Florida high school students; Osceola County; Attitudes; safety measures; school violence


This study was designed to investigate the factors that contributed to high school students' sense of security at school, and what these students perceived as measures that if put in place, would increase their feelings of security. The focus was the relationship between students' perceptions of safety at school and their own opinions of school and their experiences at school.

The study was conducted in the School District of Osceola County, Florida. The population of this study was comprised of all students enrolled in the public high schools in the School District of Osceola County. The sample for the study consisted of 354 students from four English classes on six high school campuses within the school district.

The Safety Climate Survey, an instrument developed by the researcher was administered to the students during the Fall of 2002. The survey consisted of 5 sections: opinions of school, experiences at school, safety measures, safety concerns, and a demographics section.

Results from the study indicated that relationships existed between students' opinions of school and their perceived sense of safety at school; and between students' experiences, particularly victimization experiences, at school and their sense of safety. The strongest correlation between perceived sense of safety and personal experiences existed for student who had been the victims of bullying or threatened by someone at school.

Also indicated was that students' victimization experiences at school were related to the decision to carry a weapon to school. Experiences such as being bullied at school, having been physically assaulted at school, and having been threatened by someone with a weapon at school related solidly to a student's decision to carry a weapon to school. Peer weapon carrying, disruptive behavior such as fighting, and suspension were also related to the decision to carry a weapon.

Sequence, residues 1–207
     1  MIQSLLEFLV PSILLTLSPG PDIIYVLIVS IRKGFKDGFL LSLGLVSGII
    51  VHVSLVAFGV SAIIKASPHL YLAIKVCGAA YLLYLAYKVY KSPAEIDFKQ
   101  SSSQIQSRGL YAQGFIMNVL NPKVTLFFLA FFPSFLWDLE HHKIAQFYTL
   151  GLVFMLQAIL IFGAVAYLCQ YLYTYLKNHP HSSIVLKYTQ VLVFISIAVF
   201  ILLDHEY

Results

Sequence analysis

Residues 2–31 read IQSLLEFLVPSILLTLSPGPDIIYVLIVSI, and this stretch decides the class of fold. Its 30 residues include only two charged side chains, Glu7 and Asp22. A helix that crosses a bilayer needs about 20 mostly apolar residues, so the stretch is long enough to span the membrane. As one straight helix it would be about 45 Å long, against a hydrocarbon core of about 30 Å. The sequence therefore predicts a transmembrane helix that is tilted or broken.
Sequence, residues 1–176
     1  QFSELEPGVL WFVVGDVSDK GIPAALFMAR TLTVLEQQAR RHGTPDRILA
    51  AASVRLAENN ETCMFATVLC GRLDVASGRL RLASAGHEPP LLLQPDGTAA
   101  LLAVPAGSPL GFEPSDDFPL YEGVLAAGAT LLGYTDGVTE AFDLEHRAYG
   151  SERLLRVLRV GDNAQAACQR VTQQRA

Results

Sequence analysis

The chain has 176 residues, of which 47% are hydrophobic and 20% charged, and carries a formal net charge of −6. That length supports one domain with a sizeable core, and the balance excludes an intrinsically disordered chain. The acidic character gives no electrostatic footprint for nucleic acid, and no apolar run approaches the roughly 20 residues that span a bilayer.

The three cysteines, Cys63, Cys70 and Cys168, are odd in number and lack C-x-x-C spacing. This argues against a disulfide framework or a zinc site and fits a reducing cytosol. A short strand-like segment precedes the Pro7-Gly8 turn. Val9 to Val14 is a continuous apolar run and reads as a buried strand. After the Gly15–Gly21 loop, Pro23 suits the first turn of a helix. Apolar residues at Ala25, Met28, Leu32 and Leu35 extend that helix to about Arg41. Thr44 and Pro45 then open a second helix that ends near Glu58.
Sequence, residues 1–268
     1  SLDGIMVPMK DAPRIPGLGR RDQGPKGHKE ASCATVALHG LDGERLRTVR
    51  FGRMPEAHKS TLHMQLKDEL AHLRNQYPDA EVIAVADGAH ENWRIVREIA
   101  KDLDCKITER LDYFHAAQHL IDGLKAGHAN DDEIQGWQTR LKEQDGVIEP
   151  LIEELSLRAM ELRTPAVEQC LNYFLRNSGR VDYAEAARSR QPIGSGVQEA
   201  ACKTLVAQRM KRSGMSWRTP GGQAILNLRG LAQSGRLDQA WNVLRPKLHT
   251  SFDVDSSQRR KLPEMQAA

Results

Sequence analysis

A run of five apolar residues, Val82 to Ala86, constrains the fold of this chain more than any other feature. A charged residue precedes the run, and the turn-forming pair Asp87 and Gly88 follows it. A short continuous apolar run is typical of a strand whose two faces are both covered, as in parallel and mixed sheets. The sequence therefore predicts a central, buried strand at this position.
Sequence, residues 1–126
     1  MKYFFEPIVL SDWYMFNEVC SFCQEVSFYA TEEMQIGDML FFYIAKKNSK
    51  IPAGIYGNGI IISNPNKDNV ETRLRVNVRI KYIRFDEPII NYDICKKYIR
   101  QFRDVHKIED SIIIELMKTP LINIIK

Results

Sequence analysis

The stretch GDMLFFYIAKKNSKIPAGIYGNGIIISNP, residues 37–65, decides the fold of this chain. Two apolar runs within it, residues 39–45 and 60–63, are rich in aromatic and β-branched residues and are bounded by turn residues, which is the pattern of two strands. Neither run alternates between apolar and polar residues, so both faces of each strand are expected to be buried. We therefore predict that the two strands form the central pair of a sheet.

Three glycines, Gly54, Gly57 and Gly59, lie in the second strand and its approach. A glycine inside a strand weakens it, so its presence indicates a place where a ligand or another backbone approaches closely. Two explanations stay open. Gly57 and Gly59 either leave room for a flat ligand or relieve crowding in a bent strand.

Data from the study further suggested violence preventive and interventive strategies that would increase students' sense of safety at school. Initiatives indicated by student respondents that would increase their sense of safety were a wider selection of extra-curricular activities, more adults to talk to on campus, more school resource officers, and more school-wide safety assemblies.

Students also indicated what they perceived as the most serious safety issues on their school campuses. Weapons on campus were seen as the number one safety concern. This was followed respectively by racial tensions, bullying, and campus security. Drugs were seen as the least serious safety concern.

Graduation Date





Bozeman, William C.


Doctor of Education (Ed.D.)


College of Education


Educational Research, Technology, and Leadership




156 p.




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Doctoral Dissertation (Open Access)




Dissertations, Academic -- Education; Education -- Dissertations, Academic

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